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Bode Plot

A Bode plot is a graph of the logarithm of the transfer function of a linear, time-invariant

system versus frequency, plotted with a log-frequency axis, to show the system's frequency

response. It is usually a combination of a Bode magnitude plot (usually expressed as dB of gain)

and a Bode phase plot (usually expressed as degrees of phase shift).

The magnitude axis of the Bode plot is usually expressed as decibels of power, that is by

the 20 log rule: 20 times the common logarithm of the amplitude gain. With the magnitude gain

being logarithmic, Bode plots make multiplication of magnitudes a simple matter of adding

distances on the graph (in decibels), since

A Bode phase plot is a graph of phase versus frequency, also plotted on a log-frequency

axis, usually used in conjunction with the magnitude plot, to evaluate how much a signal will be

phase-shifted. For example a signal described by: Asin(ωt) may be attenuated but also phase-

shifted. If the system attenuates it by a factor x and phase shifts it by −Φ the signal out of the

system will be (A/x) sin(ωt − Φ). The phase shift Φ is generally a function of frequency.

4.One pole low-pass model amplifier

A low-pass filter is a filter that passes low-frequency signals but attenuates (reduces the

amplitude of) signals with frequencies higher than the cutoff frequency. The actual amount of

attenuation for each frequency varies from filter to filter. It is sometimes called a high-cut filter,

or treble cut filter when used in audio applications. A low-pass filter is the opposite of a high-

pass filter, and a band-pass filter is a combination of a low-pass and a high-pass.

The concept of a low-pass filter exists in many different forms, including electronic

circuits (like a hiss filter used in audio), digital algorithms for smoothing sets of data, acoustic

barriers, blurring of images, and so on. Low-pass filters play the same role in signal processing

that moving averages do in some other fields, such as finance; both tools provide a smoother

form of a signal which removes the short-term oscillations, leaving only the long-term trend.

There are many different types of filter circuits, with different responses to changing

frequency. The frequency response of a filter is generally represented using a Bode plot, and the

filter is characterized by its cutoff frequency and rate of frequency rolloff. In all cases, at the

cutoff frequency, the filter attenuates the input power by half or 3 dB. So the order of the filter

determines the amount of additional attenuation for frequencies higher than the cutoff frequency.

A first-order filter, for example, will reduce the signal amplitude by half (so power

reduces by 6 dB) every time the frequency doubles (goes up one octave); more precisely,

the power rolloff approaches 20 dB per decade in the limit of high frequency. The

magnitude Bode plot for a first-order filter looks like a horizontal line below the cutoff

frequency, and a diagonal line above the cutoff frequency. There is also a "knee curve" at

the boundary between the two, which smoothly transitions between the two straight line

regions. If the transfer function of a first-order low-pass filter has a zero as well as a pole,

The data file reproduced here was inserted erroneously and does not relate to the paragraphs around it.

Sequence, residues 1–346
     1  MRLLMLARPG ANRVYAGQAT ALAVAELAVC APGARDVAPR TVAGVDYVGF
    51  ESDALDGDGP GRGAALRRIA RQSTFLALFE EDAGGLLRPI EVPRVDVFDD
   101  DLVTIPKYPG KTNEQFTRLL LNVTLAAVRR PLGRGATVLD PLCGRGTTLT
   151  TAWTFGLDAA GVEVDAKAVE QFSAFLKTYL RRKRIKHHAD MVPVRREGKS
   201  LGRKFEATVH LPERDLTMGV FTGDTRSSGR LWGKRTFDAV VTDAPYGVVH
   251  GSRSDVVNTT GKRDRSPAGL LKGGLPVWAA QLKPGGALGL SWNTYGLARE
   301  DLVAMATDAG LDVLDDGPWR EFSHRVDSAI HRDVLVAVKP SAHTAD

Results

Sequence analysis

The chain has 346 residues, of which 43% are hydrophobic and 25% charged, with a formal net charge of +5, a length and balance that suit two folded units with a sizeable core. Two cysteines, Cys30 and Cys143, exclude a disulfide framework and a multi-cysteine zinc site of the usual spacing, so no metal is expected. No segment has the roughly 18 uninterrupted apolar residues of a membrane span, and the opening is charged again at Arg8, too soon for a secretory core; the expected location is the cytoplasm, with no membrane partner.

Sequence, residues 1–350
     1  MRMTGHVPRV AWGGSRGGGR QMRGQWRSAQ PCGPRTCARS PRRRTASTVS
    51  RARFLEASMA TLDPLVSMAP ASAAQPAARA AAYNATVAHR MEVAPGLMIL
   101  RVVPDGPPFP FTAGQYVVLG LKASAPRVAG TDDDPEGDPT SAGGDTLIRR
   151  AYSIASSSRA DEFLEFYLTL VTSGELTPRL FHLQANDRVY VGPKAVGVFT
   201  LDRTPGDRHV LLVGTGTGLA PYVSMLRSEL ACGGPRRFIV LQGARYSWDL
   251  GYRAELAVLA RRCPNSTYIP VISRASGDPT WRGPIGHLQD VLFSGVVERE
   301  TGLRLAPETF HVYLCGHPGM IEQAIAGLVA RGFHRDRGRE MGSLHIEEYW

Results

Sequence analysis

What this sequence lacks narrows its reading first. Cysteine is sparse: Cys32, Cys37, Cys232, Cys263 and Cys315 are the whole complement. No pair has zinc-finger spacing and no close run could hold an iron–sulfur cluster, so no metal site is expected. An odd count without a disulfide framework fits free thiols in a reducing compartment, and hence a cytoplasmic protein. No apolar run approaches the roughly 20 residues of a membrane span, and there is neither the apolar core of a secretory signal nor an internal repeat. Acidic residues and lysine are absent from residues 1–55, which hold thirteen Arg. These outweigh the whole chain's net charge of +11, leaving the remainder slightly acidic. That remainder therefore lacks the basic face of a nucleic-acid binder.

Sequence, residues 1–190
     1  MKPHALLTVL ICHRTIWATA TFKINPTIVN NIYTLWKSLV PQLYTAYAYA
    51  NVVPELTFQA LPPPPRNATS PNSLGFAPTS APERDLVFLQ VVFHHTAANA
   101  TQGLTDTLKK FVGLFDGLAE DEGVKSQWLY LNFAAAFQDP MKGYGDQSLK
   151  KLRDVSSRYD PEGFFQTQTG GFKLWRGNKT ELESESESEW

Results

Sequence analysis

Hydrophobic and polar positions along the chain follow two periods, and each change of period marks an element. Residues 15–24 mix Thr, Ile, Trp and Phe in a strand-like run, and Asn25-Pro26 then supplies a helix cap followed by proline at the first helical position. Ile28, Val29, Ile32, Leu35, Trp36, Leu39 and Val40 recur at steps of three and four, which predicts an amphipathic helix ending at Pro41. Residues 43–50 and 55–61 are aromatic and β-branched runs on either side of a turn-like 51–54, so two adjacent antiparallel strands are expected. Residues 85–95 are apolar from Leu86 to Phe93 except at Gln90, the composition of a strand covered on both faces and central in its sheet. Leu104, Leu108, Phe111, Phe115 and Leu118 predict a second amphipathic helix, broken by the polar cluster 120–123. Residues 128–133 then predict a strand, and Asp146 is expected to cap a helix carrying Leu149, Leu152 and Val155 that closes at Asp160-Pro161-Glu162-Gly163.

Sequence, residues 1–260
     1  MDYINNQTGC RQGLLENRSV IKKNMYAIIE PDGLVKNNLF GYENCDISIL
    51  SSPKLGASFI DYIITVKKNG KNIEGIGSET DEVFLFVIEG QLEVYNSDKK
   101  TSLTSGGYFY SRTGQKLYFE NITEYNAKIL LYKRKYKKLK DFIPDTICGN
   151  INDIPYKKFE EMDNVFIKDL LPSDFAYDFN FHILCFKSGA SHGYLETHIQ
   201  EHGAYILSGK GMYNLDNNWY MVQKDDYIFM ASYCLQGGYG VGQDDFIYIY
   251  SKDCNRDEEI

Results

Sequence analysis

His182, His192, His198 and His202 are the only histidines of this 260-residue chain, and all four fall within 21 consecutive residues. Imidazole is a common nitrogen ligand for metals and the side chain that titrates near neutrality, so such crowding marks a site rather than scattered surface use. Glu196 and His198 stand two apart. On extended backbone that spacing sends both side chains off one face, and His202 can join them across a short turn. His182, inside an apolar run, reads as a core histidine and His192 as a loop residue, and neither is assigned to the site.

the Bode plot will flatten out again, at some maximum attenuation of high frequencies;

such an effect is caused for example by a little bit of the input leaking around the one-

pole filter; this one-pole–one-zero filter is still a first-order low-pass. See Pole–zero plot

and RC circuit.

A second-order filter attenuates higher frequencies more steeply. The Bode plot for this

type of filter resembles that of a first-order filter, except that it falls off more quickly. For

example, a second-order Butterworth filter will reduce the signal amplitude to one fourth

its original level every time the frequency doubles (so power decreases by 12 dB per

octave, or 40 dB per decade). Other all-pole second-order filters may roll off at different

rates initially depending on their Q factor, but approach the same final rate of 12 dB per

octave; as with the first-order filters, zeroes in the transfer function can change the high-

frequency asymptote. See RLC circuit.

Third- and higher-order filters are defined similarly. In general, the final rate of power

rolloff for an order-n all-pole filter is 6n dB per octave (i.e., 20n dB per decade).

RC Low-pass circuit

A resistor–capacitor circuit (RC circuit), or RC filter or RC network, is an electric circuit

composed of resistors and capacitors driven by a voltage or current source. A first order RC

circuit is composed of one resistor and one capacitor and is the simplest type of RC circuit.

RC circuits can be used to filter a signal by blocking certain frequencies and passing

others. The four most common RC filters are the high-pass filter, low-pass filter, band-pass filter,

and band-stop filter.

There are three basic, linear passive lumped analog circuit components: the resistor (R), capacitor

(C) and inductor (L). These may be combined in: the RC circuit, the RL circuit, the LC circuit and the

RLC circuit with the abbreviations indicating which components are used. These circuits, between them,

exhibit a large number of important types of behaviour that are fundamental to much of analog

electronics. In particular, they are able to act as passive filters. This article considers the RC circuit, in

both series and parallel as shown in the diagrams.

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